Integrative Health Blog

5 Toxic Food Choices and Simple Ways to Trade Up

Posted by Dr. Teresa Fuller on Fri, Jun 06, 2014

Teresa Fuller MD, PhD sugar_substitute

Over the past few decades, a lot has changed about food and about our food choices.  The food industry is constantly trying to keep up with our changing lifestyles by offering us foods that are easily eaten on the run, or that have longer shelf life.  Recently, the food industry has been offering solutions to our childhood obesity epidemic by offering low-calorie and low-fat food.  But most of the time, these foods contain toxic ingredients that are contributing to disease rather than improving health.  If you’re trying to improve your child’s health by replacing regular soda with diet soda, encouraging “low cholesterol” refined carbs, or “low-fat” dairy products, read on to find out how such choices are detrimental to your child’s health. 

Artificial sugars: More and more children are using artificially sweetened foods and beverages in an attempt to curb the obesity epidemic.  But aspartame, and other forms of artificial sugars are toxic chemicals.  Aspartame is associated with numerous symptoms, such as headaches, joint pain, fatigue and even seizures.  Moreover, the main reason for its use, weight control, often doesn’t work.  A recent study showed that regular consumption of diet soda actually is associated with weight gain.

Trade up: If you want a low- or no-calorie sweetener, switch to Stevia or Xylitol which are natural.

White flour: How our kids love pasta, cakes and crackers. But white flour, which is what’s left after the nutrient rich outer layers of wheat have been removed, is inflammatory to our bodies.  It’s also a simple carbohydrate that easily is converted to sugar, wreaking havoc with insulin levels.

Trade up: Ditch the white flour products and instead, use whole grain products which are rich in vitamins, minerals and fiber.

White Sugar: White sugar is inflammatory to our bodies and it suppresses the immune system.  In fact, some scientists theorize that the increase in illnesses in the winter is directly attributable to the increased intake of sugar during the fall and winter holidays.  Our sugar consumption has greatly increased over the past few decades, partially because it’s included in so many processed foods. Along with this rise in sugar intake has been an increase in the rates of childhood obesity and insulin resistance.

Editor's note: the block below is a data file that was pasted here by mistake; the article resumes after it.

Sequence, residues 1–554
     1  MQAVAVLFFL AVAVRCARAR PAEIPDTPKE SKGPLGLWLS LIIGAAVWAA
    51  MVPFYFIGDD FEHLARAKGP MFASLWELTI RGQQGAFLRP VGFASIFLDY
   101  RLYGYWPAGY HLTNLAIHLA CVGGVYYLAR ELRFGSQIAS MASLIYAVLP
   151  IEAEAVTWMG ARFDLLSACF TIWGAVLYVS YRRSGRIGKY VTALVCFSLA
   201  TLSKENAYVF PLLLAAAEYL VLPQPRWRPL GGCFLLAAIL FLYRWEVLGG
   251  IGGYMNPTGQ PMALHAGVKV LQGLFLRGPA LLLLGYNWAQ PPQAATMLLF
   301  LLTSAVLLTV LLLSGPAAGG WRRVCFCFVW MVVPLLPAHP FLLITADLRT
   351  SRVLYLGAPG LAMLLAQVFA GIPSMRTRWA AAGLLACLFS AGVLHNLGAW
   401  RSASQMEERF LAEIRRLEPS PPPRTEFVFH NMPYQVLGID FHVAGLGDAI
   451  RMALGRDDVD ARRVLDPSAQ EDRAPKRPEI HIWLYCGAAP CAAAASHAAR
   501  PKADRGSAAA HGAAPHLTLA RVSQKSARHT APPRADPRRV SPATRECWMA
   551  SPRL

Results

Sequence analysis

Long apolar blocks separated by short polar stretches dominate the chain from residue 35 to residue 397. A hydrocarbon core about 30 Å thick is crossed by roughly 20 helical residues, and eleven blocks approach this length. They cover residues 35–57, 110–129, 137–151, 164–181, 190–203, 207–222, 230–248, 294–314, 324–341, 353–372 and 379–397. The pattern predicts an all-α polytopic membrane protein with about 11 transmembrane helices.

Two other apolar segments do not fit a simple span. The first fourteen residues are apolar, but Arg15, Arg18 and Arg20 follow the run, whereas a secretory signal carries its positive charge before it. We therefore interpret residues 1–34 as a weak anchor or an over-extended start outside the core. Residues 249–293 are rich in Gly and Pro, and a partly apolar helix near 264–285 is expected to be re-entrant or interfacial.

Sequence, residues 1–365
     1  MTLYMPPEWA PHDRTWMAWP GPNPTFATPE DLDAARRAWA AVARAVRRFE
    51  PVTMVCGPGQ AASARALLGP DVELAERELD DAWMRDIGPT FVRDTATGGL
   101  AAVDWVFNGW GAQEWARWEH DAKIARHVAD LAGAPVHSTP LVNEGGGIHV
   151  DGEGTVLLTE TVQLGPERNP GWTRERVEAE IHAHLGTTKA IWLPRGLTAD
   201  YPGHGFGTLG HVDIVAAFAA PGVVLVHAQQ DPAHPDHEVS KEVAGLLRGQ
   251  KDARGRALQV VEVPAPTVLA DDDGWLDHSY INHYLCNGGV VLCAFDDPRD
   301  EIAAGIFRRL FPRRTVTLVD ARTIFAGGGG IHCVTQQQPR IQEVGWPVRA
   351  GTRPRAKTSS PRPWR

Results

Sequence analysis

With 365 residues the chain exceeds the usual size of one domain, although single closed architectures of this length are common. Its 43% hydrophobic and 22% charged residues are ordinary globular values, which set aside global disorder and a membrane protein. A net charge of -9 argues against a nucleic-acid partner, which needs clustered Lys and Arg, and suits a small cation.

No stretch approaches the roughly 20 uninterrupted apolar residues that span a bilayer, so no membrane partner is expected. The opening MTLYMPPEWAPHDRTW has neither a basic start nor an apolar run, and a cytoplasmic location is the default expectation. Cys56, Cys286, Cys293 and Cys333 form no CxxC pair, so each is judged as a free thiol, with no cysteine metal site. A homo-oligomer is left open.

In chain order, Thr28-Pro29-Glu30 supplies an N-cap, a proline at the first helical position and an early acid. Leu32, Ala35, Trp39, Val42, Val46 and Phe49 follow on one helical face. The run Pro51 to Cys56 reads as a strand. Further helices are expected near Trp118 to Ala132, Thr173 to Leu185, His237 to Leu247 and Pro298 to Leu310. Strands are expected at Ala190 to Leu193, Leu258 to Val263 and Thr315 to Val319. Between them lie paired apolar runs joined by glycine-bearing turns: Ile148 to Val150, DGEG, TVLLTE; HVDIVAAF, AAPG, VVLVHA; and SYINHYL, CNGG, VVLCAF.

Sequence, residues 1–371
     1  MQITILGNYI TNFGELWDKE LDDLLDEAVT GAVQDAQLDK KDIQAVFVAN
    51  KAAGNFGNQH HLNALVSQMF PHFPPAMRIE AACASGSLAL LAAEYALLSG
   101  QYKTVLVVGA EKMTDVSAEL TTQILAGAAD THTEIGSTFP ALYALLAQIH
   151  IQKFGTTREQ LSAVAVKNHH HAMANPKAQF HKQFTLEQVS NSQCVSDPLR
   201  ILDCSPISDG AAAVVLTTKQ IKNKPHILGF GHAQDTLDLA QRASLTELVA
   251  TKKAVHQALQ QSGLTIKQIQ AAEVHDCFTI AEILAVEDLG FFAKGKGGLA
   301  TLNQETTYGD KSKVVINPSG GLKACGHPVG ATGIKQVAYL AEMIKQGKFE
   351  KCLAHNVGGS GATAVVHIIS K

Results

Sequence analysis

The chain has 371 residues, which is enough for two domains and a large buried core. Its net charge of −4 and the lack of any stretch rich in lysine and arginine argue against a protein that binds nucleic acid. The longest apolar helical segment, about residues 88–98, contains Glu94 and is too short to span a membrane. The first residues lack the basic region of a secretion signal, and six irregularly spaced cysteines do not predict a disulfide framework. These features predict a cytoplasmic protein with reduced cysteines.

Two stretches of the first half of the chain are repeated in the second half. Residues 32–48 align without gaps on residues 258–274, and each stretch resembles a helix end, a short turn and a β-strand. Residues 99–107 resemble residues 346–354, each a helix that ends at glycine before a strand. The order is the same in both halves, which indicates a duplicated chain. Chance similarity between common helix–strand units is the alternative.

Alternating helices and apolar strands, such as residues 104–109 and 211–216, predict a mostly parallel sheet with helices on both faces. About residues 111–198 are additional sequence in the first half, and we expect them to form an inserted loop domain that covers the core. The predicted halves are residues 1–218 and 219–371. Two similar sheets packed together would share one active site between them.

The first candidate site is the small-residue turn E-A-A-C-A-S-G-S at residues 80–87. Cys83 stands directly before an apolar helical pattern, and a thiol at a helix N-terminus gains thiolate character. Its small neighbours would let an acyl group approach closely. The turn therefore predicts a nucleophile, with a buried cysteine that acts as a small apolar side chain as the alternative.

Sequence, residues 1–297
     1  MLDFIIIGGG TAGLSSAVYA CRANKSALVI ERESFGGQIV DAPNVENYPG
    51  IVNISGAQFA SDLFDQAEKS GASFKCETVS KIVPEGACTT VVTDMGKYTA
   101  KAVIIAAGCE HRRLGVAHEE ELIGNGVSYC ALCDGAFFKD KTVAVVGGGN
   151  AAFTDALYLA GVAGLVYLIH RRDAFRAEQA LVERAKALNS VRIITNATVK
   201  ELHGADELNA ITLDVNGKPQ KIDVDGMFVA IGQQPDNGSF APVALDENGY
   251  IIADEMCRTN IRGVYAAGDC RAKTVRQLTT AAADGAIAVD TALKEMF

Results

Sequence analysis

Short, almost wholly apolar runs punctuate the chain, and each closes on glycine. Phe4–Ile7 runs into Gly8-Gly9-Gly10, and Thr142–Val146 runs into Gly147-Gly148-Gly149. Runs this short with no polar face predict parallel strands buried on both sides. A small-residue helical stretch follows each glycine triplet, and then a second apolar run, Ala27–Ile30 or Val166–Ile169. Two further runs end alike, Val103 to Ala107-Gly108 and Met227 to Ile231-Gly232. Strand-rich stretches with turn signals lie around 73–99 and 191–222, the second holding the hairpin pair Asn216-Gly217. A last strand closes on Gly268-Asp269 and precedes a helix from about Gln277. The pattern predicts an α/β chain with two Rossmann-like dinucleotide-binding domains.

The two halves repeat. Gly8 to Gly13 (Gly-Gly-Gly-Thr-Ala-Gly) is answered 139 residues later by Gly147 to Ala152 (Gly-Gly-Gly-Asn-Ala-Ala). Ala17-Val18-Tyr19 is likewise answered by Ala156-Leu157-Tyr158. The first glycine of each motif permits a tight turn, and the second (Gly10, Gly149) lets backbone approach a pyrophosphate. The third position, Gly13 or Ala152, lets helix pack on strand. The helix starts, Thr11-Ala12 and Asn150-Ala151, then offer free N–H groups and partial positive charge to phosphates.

Trade up: We’d do much better to greatly reduce our refined sugar intake and rather satisfy our children’s sweet tooth with fruit or small amounts of natural sweeteners such as raw honey or Grade B maple syrup. 

Cow’s milk.  In the book “Don’t Drink Your Milk,” well respected pediatrician, Dr. Oski lays out a compelling argument against drinking cow’s milk because of its connection to increased asthma, eczema, iron-deficiency anemia, chronic diarrhea, and other conditions.  Whether low-fat or whole, milk does not do the body good.

Trade up: Instead of cow’s milk, switch to a quality plant milk such as almond milk, coconut milk or hemp milk.  Soy is also a good option if not allergic.

Trans Fatty Acids: These are artificially produced fatty acids that are made by adding hydrogen (hydrogenation) to fat molecules.  These are dangerous to the body, and contribute powerfully to heart disease.  If you think heart disease is not something to worry about in children, think again.  Signs of heart disease have been found in children as young as toddler age.  Trans fats are steadily being removed from the food supply, but stay alert for the “partially hydrogenated oil” in the ingredients list.

Trade up: Your child’s brain needs a good supply of healthy fat, such as that found in nuts, seeds, avocado, coconut oil or olive oil.

 

Teresa Fuller MD, PhD, is an integrative pediatrician at National Integrated Health Associates, NIHA, serving Washington D.C., Maryland and Virginia.  She is double board-certified in pediatrics and integrative holistic medicine. This powerful combination places Dr. Fuller in a unique position to positively impact the health of children by identifying  the underlying contributors to disease such as nutrient deficiencies, toxicities, infections and other bodily stress in order to reverse symptoms and restore your child’s health. Her focus is prevention of chronic illness and obesity in children and young adults, ADHD, asthma and allergies.

Topics: obesity, holistic nutrition, toxins